Connecticut Assault Lawyer

Many domestic violence arrests involve an arrest for assault. Assault does not just involve husbands, wives, and domestic partners, but also roommates. It is one of the most commonly charged domestic violence assault crimes.

The crime casts a wide net over physical confrontations in domestic violence cases and can cause many personal and professional problems making it important a Connecticut assault lawyer is contacted as soon as possible.

What Are First and Second Degree Assault Charges?

Assault charges can range in degrees from first to third. Assault in the First Degree is the most serious of the three charges, but not frequently charged in domestic violence arrests. This charge carries up to 20 years imprisonment, with a five-year mandatory minimum if they are accused of using a deadly weapon.

Generally, someone can be arrested in Connecticut for Assault in the Second Degree if they cause serious physical injury to another person, which usually involves a broken bone injury. Second Degree Assault is a Class D felony that carries between one and five years of prison time.

Assault in the Third Degree Arrest

There is a common chain of events that usually trigger an arrest for Connecticut Assault in the Third Degree. First, there is typically a call to 911 or the police by someone involved in the arrest, or a concerned bystander or neighbor. Next, the police immediately come to someone’s home, separate the people involved in the domestic violence dispute, and question them. They closely look at someone’s body for marks, scratches or bruising. Domestic violence first responders are trained to ask specific questions and take particular notice of signs that might indicate that violence was occurring prior to their arrival.

Finally, the police will try to take written statements, examine surveillance video, and at that point, they will decide whether probable cause exists to arrest anyone for Third Degree Assault, or any other domestic violence related crime. Remember, whether someone is a suspect or victim , they do not have to speak to the police and have the right to contact an assault attorney in Connecticut for advice.

Criminal Statute

Someone can be arrested for Assault in the Third Degree if they intentionally, recklessly, or negligently cause physical injury to another person. The term physical injury is broadly and interpreted by law enforcement, allowing police to easily arrest someone for Assault in the Third Degree, which is a Class A misdemeanor.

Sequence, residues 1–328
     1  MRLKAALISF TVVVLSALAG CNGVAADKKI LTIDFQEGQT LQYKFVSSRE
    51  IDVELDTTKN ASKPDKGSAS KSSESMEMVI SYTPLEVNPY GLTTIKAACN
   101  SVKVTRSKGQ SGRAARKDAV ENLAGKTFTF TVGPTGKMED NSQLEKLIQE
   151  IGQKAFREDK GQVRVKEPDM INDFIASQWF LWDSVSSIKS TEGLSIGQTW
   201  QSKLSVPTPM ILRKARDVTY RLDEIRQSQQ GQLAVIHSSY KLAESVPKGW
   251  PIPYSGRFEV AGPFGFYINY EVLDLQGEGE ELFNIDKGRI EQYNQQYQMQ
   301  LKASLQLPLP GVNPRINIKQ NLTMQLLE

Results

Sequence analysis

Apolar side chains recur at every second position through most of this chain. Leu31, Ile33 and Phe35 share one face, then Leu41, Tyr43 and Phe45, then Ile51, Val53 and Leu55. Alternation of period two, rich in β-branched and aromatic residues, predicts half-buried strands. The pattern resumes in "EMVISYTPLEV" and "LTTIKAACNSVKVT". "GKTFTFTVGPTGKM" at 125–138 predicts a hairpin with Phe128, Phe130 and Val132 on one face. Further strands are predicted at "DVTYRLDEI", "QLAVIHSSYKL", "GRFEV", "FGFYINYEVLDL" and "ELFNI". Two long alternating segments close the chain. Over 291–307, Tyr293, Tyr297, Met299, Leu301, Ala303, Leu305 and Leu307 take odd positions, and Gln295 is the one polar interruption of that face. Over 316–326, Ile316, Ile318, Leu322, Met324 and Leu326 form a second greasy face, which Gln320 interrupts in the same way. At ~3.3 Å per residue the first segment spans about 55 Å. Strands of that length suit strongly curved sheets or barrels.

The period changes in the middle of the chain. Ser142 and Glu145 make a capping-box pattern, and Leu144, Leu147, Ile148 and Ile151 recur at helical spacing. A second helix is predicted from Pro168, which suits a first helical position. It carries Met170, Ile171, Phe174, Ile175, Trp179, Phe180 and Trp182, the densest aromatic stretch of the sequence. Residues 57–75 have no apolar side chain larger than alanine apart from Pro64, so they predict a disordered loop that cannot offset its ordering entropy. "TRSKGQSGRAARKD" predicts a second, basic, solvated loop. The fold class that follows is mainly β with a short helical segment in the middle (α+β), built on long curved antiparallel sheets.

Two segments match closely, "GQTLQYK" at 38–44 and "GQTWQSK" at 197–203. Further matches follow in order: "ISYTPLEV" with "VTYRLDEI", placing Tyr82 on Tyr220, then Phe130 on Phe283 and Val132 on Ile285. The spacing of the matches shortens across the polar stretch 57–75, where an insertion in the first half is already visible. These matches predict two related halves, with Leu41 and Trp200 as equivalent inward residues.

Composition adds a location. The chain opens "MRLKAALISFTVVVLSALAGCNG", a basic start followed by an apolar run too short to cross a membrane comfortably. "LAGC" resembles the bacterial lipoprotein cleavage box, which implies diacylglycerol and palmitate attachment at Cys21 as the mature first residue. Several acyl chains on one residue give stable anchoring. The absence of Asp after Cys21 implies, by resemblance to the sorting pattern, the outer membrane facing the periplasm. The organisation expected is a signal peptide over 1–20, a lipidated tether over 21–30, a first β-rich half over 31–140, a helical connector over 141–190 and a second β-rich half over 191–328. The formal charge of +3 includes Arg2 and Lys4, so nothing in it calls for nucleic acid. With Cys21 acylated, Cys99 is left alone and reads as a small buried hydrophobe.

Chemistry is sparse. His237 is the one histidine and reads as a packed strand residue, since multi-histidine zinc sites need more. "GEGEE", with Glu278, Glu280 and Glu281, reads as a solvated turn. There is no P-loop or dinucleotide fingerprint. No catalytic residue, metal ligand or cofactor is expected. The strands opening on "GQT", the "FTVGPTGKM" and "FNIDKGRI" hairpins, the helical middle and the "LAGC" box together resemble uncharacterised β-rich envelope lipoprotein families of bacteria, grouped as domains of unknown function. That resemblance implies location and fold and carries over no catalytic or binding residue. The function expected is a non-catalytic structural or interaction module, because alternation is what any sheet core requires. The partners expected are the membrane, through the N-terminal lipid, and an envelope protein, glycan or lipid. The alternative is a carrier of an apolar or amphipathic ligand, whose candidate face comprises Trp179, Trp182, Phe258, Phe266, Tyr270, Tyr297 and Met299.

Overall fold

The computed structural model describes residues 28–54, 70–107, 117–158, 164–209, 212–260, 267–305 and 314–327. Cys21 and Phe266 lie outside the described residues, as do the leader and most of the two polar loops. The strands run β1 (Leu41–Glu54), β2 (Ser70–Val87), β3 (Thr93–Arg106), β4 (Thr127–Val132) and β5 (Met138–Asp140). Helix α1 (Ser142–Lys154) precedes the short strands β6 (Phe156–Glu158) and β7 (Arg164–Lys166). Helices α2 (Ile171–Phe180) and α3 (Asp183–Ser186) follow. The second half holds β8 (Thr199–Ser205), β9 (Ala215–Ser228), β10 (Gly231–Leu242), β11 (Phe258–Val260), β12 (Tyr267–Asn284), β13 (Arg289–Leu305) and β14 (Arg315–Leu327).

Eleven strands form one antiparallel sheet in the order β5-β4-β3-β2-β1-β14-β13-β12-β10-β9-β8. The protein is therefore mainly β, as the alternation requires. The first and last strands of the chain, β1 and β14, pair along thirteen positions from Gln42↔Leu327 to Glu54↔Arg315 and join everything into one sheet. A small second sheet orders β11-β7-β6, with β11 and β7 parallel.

Misdemeanors are less serious than felonies and any jail time resulting from misdemeanors cannot exceed one year. If someone used a deadly weapon in the commission of their Third Degree Assault, then their one-year jail sentence cannot be suspended or reduced by the sentencing judge.

First Court Date for an Assault Charge

Once someone is arrested for Assault in the Third Degree in Connecticut, they will be required to post a bond and then appear in court on the very next business morning with their attorney. A few things will be required of someone at their court date.

First, they will have to speak with a family relations officer. These officers act as the eyes and ears of the judge and it is their obligation to conduct an initial domestic violence safety assessment for the presiding judge. The judge considers this information during the Connecticut protective order hearing that takes place later that day. These family relations officers are not required to maintain confidentiality.

What Happens During a Restraining Order Hearing?

The court will hold a brief restraining or protective order hearing. There are three kinds of protective orders that can be issued against you that day. The most serious is a Full No Contact Order, which prohibits any form of contact with the accuser and entry into the accuser’s home. Below that is a Full or Residential Stay-Away protective order, which allows them to have contact with their accuser, but prevents them from entering the accuser’s residence.

Finally, there is the least restrictive restraining or protective order, called the Partial or Limited protective order, which prohibits them from threatening, harassing, or intimidating the accuser, but otherwise permits contact and entry into the home. These orders should be taken seriously.

If someone is accused of violating the protective order, then they can be arrested for Criminal Violation of a Protective Order, a felony which carries a maximum five-year prison term. A trusted Connecticut assault attorney could explain these charges in further detail during a consultation.

Contact a Connecticut Assault Attorney Today

If you are arrested for assault, then you should contact a Connecticut assault lawyer as soon as possible. An experienced attorney can help you craft a defense strategy to help you try and get your charges dismissed. This strategy can incorporate diversionary programs, counseling efforts, negotiations with prosecutors, and numerous pre-trial negotiation attempts.

Client Review

Title: Professional and Communicative

N/A Connecticut Domestic Violence Information Center 29 Fifth Street, Suite 2
CT 06905
Phone: (203) 276-9443

Christine was there for me 24/7. She dealt with my case very professionally she clearly knows what she is doing. I was accused of assault and from day one she told me what is going to happen and how we are going to deal with it. 2 months later all the charges were dropped thanks to her.

Rating: ★★★★★ 5 / 5 stars
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